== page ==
16. Shake hands when meeting people and look them in the eye.  A handshake conveys respect regardless of your age.
  17. Occasionally ask yourself, “Does the way I am living my life make a difference in the lives of others?
  18. Gratitude is the foundation for success. Happiness is contagious.
  19.  Make  sure you tell your parents how grateful you are for what they are doing for you. You are privileged to be the next generation to carrying on your family farm business. Your parents could sell the farm and retire in luxury instead of giving you this special opportunity to make your dreams come true.

A Father-Son debate: 28% N or Dry Urea on their Corn Crop

Posted on: June 16th, 2014 by Richard Cressman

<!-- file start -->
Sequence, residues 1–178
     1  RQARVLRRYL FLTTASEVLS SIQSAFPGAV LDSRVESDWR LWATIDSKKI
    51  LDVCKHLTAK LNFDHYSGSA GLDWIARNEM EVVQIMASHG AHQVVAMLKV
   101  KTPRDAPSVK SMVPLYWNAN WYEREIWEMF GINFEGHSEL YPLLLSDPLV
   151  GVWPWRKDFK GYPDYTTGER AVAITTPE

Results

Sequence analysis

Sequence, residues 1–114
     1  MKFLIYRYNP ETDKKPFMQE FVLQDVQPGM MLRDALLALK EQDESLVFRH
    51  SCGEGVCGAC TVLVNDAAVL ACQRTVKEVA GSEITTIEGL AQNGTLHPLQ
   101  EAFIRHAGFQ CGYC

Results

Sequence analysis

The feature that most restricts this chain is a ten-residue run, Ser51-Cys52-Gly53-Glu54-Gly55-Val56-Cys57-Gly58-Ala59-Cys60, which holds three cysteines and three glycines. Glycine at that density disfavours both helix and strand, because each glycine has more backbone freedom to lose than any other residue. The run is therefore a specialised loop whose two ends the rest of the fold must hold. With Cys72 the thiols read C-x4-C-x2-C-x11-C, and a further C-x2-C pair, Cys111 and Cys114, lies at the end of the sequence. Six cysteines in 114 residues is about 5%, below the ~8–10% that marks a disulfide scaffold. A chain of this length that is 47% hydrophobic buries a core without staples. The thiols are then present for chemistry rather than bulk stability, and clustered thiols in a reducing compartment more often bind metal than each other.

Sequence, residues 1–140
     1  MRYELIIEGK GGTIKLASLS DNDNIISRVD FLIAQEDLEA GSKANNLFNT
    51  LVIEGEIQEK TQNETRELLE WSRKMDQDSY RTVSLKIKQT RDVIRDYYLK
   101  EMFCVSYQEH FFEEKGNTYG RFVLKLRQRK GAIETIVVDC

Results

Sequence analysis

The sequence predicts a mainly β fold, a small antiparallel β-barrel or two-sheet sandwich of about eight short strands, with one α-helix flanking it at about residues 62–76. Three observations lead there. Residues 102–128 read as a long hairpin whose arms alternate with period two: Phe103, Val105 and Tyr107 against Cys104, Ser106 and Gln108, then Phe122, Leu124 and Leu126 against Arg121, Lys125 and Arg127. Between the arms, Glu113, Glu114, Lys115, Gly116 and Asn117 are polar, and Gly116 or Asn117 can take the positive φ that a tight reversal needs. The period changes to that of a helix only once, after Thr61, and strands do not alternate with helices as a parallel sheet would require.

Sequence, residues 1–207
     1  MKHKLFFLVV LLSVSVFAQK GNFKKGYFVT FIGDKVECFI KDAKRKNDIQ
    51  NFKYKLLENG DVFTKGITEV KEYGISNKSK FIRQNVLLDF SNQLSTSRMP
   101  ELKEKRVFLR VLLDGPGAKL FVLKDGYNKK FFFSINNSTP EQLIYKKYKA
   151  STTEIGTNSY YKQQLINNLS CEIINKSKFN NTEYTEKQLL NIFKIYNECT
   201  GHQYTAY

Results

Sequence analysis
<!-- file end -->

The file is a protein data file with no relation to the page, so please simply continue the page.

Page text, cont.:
The corn had been planted for about three weeks and was nicely out of the ground.  The farmer I was talking to is approximately 32 years of age and he and his wife have been in the transition process with his parents of assuming the ownership and management of the farm.  (I will call him Joe)  They milk over 180 cows and Joe’s parents are starting to move into the background as far as the workload and management goes.

Joe asked me whether spreading dry fertilizer on the standing corn would be a better option than side dressing liquid 28 percent nitrogen. Joe’s father had always used dry fertilizer in the past and their crop yields were some of the best in the neighbourhood.  There was no doubt the dry fertilizer program had worked in the past.  I asked Joe what he thought would be the best for the corn crop.  He said he would like to side dress the 28 percent nitrogen but his father wanted to spread dry fertilizer because it could be done a lot quicker.  The culture on this farm is that they do all of their own fieldwork and custom workers are very seldom hired.  With a lot of cows to milk, extra labor is a short commodity.